The radiator is underestimated as a device for communication. Like telephones or door phones, it transmits sounds; it absorbs and transmits throughout the building the noise of objects hitting the pipes or grill and the vibrations of music and loud conversations. However, one is not able to hang up or decide what messages one sends or receives; it constantly whispers in your ears.


Glass Box Panorama


The glass-clad annex was added to the building, along with the toilets, during a major restoration in the nineties, at the expense of the back stairs. From this point, one has a full view of the inside(s) of the block, which surrounds the shared courtyards with their plastic chairs, grills, bike parking, and playgrounds. 


A panorama of suspended existences and their domestic realms can be observed: stairways, living rooms, kitchens, bedrooms, bathrooms; pot plants and cats in the windows; people preparing dinner or walking around in their underwear; a couple refurbishing their apartment; hands opening bathroom windows to let out steam; birds occupying the ventilation shafts.



This works even more strongly the other way around. While dining in the glass box, one has a sense of always being monitored – this part of the apartment is an annex into the public sphere. From time to time, the eyes looking out and the eyes looking in meet in an odd moment; the observer realises that he or she is being observed. A web of sightlines inhabits the panorama of the backyard.


Bathroom Wall and Shaft


The bathroom is the newest appendix to the apartment, situated halfway into the adjacent apartment. It is the only place where one interacts with the next-door neighbour. Through the wall, one hears the metal hinge of a toilet-paper holder whining, teeth being brushed, or a shower running.



Also, vertically, this space seems closer to that of the neighbours: flushing toilets upstairs, water lingering through the drains, or vague sounds that travel through the pipes and conduits speak of other people’s presence.


Creaking Floorboards


At the threshold between the hallway and the kitchen, two floorboards give a loud squeak that penetrates the intermediate floors, revealing the presence of a person’s weight. When the inhabitants of the building cook or clean, or for some other reason traverse this area, the whole building creaks.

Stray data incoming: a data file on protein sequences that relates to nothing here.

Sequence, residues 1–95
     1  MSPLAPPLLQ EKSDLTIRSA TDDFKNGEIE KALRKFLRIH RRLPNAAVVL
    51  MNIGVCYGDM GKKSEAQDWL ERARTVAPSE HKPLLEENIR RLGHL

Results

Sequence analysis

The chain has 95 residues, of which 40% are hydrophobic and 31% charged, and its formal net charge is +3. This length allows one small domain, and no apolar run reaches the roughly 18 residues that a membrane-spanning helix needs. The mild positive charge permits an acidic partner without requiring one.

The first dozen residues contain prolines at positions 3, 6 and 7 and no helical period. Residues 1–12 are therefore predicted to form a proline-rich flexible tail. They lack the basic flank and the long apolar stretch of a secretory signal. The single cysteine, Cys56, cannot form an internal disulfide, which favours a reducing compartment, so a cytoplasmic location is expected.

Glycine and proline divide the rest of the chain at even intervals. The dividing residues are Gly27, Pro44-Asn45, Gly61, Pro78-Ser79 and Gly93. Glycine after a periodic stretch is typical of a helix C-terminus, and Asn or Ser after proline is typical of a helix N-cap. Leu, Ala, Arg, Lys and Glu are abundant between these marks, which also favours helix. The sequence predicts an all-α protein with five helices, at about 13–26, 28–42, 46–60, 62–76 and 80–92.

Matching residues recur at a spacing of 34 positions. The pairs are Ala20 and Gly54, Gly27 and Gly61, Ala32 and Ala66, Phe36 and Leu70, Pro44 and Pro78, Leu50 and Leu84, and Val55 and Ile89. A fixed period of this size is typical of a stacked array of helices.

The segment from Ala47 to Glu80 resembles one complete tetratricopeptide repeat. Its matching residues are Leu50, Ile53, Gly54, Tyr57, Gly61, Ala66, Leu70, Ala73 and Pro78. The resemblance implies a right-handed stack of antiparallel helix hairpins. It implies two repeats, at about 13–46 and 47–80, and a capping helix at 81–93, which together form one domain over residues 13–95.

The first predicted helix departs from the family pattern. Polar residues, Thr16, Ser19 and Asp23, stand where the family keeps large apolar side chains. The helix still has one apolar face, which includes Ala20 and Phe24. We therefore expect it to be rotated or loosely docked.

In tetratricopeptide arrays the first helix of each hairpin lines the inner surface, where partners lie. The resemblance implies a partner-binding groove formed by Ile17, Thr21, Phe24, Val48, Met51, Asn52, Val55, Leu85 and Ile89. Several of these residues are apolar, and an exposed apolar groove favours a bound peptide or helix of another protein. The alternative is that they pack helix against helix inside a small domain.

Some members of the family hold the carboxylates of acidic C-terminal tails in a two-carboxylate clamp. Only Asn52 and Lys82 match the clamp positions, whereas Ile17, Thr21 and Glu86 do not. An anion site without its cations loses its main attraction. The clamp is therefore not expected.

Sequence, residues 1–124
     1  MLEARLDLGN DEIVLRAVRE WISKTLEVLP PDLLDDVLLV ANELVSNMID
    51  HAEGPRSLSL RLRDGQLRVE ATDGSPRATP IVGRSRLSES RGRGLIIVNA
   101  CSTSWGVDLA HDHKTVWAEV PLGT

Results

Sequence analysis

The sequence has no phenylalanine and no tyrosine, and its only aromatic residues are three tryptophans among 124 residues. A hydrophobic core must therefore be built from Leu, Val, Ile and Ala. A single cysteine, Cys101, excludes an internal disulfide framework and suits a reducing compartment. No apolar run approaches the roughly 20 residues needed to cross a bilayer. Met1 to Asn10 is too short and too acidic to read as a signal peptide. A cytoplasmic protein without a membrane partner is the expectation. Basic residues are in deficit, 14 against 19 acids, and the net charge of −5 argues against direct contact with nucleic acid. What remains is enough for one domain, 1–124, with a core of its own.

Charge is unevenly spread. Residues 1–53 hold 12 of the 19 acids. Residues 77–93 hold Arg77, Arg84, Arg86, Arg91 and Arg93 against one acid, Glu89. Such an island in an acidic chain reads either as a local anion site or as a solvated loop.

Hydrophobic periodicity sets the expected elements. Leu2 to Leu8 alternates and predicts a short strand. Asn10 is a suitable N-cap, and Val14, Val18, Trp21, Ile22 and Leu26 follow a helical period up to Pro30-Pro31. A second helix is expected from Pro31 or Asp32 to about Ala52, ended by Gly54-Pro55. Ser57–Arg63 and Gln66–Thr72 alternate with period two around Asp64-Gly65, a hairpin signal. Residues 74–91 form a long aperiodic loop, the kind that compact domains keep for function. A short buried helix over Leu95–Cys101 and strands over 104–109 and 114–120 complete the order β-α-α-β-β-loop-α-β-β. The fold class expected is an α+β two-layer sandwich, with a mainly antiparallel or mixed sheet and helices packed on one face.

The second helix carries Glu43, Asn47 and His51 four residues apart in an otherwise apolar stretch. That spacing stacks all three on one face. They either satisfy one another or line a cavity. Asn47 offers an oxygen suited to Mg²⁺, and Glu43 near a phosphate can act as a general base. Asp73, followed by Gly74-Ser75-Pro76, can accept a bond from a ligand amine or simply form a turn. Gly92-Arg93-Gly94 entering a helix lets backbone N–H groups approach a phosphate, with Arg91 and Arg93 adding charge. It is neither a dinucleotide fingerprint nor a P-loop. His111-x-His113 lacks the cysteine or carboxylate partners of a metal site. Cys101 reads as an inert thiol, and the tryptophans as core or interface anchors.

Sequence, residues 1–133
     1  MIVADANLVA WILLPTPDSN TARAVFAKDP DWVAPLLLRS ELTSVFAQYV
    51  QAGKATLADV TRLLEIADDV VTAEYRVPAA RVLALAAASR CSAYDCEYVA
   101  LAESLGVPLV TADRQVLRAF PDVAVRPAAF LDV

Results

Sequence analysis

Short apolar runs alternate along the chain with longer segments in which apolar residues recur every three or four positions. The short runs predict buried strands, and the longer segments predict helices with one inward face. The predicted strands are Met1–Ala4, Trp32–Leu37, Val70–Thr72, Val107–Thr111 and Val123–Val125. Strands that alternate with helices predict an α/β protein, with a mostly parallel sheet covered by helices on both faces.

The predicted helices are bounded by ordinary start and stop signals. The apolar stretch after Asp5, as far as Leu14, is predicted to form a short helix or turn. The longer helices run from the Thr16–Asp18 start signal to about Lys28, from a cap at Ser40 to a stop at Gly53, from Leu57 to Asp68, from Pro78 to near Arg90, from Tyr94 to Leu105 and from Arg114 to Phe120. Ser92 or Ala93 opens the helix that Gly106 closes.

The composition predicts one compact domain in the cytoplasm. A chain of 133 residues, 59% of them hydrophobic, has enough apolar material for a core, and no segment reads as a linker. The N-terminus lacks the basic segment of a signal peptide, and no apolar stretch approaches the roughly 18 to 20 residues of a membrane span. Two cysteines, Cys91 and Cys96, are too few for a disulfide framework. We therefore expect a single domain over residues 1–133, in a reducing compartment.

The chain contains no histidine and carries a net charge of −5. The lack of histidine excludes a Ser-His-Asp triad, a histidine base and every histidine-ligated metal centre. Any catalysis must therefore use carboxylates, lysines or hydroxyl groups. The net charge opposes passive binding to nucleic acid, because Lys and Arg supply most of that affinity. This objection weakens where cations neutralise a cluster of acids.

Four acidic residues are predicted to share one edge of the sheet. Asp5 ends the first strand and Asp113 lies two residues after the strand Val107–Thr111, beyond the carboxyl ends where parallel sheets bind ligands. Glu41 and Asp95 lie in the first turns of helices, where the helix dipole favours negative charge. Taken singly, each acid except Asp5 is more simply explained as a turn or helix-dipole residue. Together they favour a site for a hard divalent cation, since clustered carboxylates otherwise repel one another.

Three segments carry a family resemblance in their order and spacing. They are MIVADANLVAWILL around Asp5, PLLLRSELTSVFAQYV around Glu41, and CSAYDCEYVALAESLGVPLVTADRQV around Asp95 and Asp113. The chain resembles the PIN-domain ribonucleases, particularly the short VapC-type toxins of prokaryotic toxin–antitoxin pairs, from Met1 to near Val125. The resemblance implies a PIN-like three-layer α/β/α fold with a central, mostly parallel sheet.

The creaking is a construction fault, caused by tension building up in the floorboards because of the kink in the wall; nevertheless, it leads to a vertical communication, speaking of activity and the presence of other people: someone awake at night, cooking late, or pulling on shoes before leaving for the early morning train …


Listening in Bed / Walls Speaking


Sometimes sounds from a running television or stereo enter through the walls while we lie in bed. As the floors of the next-door building are staggered in relation to ours we have two direct neighbours behind this wall. The upper one leaves the vibrating alarm of his mobile phone on the floor next to the wall (and supposedly his bed), approximately a metre above our bed pillows; often we wake up simultaneously. The one below occasionally listens to jazz and classical music, lulling us into sleep or softly waking us up on a Sunday morning (if not already awake because of the other neighbour’s vibrating alarm clock).


The Young Couple


third floor, right


They are students in their twenties. She is small with dark hair and skin. He is blond and a bit taller. This is the only apartment apart from ours of which I know the inside – at one of the yearly communal workdays they invited us all in (meaning the people who showed up: Mr Noer, Sara, and us) for coffee, soda, and sandwiches. Their apartment is exactly the same as ours, except that it is mirrored (causing a bit of nausea).


Sometimes I meet him in the basement. We have almost exactly the same red Peugeot Course racing bikes from the late seventies. We share knowledge on the subject, and once he told me of a place just outside Grenaa where an old bike mechanic still stocks reused original parts as a last bastion.


Cigarette Stubs


Scattered on and around around the exterior doorsteps leading to the entrance are discarded cigarette stubs. They act as indicators of the daily non-events that have unfolded at this given spot countless times: primarily the woman from the third floor, left, sitting on the concrete steps smoking cigarettes while chatting on the phone. Her favourite position is the top step, just in front of the door – which fosters a constant negotiation between her and the comings and goings of the building. At times, you can hear snippets from her conversation with some other person in the city, who might also be smoking on his or her doorstep.



It is as if the liminal space of the stairway at this point bleeds onto the street pavement. The private gradually becomes first semi-private then semi-public (because, for some reason, one does not smoke cigarettes on someone else’s doorstep) through a set of spatial demarcations, before finally one finds oneself at the street, heading into the city.




The mailboxes are a miniature version of the building itself. Letters from various places enter each compartment. A full mailbox means someone is not home, is travelling, or is too busy to take care of their usual business. A mailbox with no name means someone has moved out, and the empty space (and mailbox) awaits a new inhabitant. Over the years, the names will change, be replaced, disappear – until eventually, none of the names remain. Someone will take over our place, our apartment, and our stairway. It will be theirs, and they will fill it with their desires and thoughts: listening to Boulevard Caféen, smoking cigarettes on the doorsteps, putting up notes in the laundry room, and keeping an eye on the comings and goings of number thirty-eight.